So Far the efficacy data has been presented. As reported in the press earlier, the vaccine is roughly 95% effective, that is roughly 95% of people who got Covid 19 during the trial were participants who received the placebo.
Importantly, the null hypothesis that just one dose is just as good as two was not rejected. The test of this null had extremely low power as almost all participants received both doses, so basically this means cases less than 4 weeks after the first dose (so one week after the second dose). However, note the extreme rigidity of the FDA.
Before allowing vaccination, the FDA required proof of efficacy. Before allowing a modification from two doses
4 3 weeks apart to one dose, the FDA requires … I don’t know maybe if Jesus Christ returned and petitioned them for some flexibility, they would give Him a hearing, but I guess they would tell him he needed to propose (and fund) a new Phase III trial.
update: incorrect assertion of fact crossed out
It is also true that there is no evidence of benefit from the second dose of Pfizer’s vaccine. It is clear that people who have received one dose of either vaccine are among those least at risk of Covid 19.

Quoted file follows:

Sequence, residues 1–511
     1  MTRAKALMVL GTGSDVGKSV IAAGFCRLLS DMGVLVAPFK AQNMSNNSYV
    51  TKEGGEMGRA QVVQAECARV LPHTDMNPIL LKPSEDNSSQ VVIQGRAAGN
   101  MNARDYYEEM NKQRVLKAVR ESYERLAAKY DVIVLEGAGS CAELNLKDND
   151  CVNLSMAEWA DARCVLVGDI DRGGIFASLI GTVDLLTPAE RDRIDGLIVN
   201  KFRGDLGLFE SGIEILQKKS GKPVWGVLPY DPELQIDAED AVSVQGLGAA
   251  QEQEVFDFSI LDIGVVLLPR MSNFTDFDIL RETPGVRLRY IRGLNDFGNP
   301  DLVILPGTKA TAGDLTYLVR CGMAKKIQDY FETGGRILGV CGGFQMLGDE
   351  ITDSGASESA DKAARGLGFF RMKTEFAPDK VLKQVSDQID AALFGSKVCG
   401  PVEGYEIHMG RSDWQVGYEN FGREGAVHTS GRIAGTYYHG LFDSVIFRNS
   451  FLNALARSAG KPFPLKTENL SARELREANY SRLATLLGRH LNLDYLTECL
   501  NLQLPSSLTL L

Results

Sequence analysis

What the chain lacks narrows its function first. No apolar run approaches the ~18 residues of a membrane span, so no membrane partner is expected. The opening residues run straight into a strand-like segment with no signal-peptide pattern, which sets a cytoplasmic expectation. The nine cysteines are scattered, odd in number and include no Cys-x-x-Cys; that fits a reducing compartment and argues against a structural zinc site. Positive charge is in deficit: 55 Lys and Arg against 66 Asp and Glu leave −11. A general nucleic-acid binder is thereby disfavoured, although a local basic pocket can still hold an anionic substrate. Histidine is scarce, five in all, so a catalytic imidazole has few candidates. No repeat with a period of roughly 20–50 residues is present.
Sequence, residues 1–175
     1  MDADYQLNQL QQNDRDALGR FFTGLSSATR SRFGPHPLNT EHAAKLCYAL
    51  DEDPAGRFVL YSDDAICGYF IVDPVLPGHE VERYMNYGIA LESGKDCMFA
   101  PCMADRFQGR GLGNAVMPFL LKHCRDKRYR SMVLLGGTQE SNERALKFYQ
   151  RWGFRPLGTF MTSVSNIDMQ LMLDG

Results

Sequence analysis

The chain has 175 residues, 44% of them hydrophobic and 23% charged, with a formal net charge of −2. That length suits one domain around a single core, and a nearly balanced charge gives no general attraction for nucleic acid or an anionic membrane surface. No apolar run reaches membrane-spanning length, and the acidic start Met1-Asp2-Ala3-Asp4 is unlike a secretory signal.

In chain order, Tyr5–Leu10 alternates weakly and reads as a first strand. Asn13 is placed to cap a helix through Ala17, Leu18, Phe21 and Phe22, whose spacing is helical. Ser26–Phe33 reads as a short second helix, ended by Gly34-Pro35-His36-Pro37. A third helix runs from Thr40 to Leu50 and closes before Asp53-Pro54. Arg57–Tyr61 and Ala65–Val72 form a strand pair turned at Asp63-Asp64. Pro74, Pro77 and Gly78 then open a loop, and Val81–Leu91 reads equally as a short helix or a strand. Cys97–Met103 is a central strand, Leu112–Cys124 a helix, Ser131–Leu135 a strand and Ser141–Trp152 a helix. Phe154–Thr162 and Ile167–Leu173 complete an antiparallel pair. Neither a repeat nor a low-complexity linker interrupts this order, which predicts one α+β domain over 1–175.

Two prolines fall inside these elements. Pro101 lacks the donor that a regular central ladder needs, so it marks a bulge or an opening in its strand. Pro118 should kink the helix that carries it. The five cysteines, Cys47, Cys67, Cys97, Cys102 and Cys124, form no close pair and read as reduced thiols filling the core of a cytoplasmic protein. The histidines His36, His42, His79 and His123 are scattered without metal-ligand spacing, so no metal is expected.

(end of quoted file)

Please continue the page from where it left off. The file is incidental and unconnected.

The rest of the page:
See the raw data below from Polack et all 2020 . Can anyone see from the Kaplan Meier plot when the second dose was given ?
The vaccines are in very short supply. People are anxiously waiting for vaccination. Because the protocol had two doses, half of the vaccine will be reserved for the people who will benefit least.
Here there is a difference between careful science and optimal policy. In science it is crucial to write the protocol first then follow it mechanically. This is necessary so that the experimental interventions are exogenous and one can be sure they cause the observed outcomes and are not caused by observations.
However, it is not optimal policy to reduce the possible decisions to two, a priori with extremely limited data. This is what the FDA does. I think they should approve a single dose. Their rule is always to only act on extremely firm knowledge. It is, in this case, not going to be first do no harm. The second dose has side effects (mild but not zero). There is, I think,
no weak evidence of benefits. (Again, the test has extremely low power (and I’m not sure protocol did not say the question would be addressed — if it didn’t then there is a problem — the rule decide what to do in advance applies to data analysis too — it is vital that the data not be dredged looking for a significant coefficient)). I think the point estimate is pretty much exactly zero benefit. of a benefit of the second dose much lower than of the first (and without proof of any benefit.
I think that people should be given a single dose. After everyone who wants one dose has been vaccinated, then it makes sense to give people a second dose. There is no reason to think spacing
4 3 weeks apart is optimal — the spacing was decided in advance (and it was 4 weeks for the Moderna vaccine hence my mistake).